Coasters & Curtains

Omniglot - linguistically satisfying

Today some friends and I started wondering why the small mats you might place under mugs and glasses are called coasters. Do they have anything to do with coasts, and if not, where does the word come from?

According to Wiktionary, the word coaster come from coast +‎ -er, and is possibly related to the Middle English coster (ornamental wall or bed hanging), which comes from the Anglo-Latin costera (side, coast, curtain).

The word has a number of different meanings:

  • one who coasts
  • Something that coasts (eg a sled or toboggan)
  • a merchant vessel that stays in coastal waters
  • a sailor who travels only in coastal waters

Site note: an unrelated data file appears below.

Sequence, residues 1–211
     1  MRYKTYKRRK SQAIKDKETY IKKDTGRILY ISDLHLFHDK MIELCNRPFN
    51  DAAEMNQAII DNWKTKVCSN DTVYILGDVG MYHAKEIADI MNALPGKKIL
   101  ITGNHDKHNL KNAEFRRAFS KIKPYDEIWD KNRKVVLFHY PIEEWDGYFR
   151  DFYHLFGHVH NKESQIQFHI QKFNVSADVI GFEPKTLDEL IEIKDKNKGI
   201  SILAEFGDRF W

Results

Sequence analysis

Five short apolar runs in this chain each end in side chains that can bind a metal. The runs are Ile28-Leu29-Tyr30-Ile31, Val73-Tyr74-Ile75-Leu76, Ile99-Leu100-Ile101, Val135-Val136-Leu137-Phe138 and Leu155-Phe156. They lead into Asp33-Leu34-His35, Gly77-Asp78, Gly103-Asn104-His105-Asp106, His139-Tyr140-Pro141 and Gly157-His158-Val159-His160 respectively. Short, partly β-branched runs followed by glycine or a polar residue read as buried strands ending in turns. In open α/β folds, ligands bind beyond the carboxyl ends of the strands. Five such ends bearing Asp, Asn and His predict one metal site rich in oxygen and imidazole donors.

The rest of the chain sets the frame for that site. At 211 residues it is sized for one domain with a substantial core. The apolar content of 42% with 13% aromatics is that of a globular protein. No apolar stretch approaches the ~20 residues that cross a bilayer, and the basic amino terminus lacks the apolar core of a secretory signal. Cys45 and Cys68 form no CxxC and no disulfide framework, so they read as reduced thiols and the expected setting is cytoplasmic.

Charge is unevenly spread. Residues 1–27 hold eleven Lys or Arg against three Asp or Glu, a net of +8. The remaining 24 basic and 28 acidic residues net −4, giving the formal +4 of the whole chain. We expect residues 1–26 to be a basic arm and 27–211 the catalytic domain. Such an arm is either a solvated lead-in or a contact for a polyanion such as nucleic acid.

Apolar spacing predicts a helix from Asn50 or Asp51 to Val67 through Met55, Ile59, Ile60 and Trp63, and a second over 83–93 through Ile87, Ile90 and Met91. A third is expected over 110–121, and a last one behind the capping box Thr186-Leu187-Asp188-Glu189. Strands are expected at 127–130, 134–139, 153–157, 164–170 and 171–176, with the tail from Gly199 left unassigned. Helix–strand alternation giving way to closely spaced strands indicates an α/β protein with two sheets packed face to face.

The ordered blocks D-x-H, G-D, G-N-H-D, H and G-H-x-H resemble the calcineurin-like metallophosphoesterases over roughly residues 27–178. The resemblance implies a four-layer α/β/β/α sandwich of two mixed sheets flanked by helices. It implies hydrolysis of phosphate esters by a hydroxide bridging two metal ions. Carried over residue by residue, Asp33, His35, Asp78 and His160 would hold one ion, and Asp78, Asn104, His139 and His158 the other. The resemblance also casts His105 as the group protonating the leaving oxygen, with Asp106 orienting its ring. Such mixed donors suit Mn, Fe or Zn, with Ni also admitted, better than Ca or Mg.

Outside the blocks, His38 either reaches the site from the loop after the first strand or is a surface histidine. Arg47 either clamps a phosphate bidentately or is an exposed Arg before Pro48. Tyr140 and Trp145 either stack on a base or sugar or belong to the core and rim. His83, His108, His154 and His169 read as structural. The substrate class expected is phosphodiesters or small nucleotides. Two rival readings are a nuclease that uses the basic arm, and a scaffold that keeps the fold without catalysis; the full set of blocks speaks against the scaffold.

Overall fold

• a person who originates from or inhabits a coastal area
  • a small piece of material used to protect the surface of a table, upon which one places cups or mugs
  • a small tray on wheels, used to pass something around a table

According to the Online Etymology Dictionary, coaster was first used in English in the 1570s to mean “one who sails along coasts”, and was used to refer to boats that sail in coastal waters from the 1680s.

It was used to refer to a bottle-coaster, or “low, round tray used for a decanter”, from 1874. Such a tray was originally on wheels and coasted around the table to each guest in turn. Which is possibly the origin of the name. It was being uesd to refer to a drink mat by the early 20th century.

Such things are called beer mats in pubs. What are they called in other languages?

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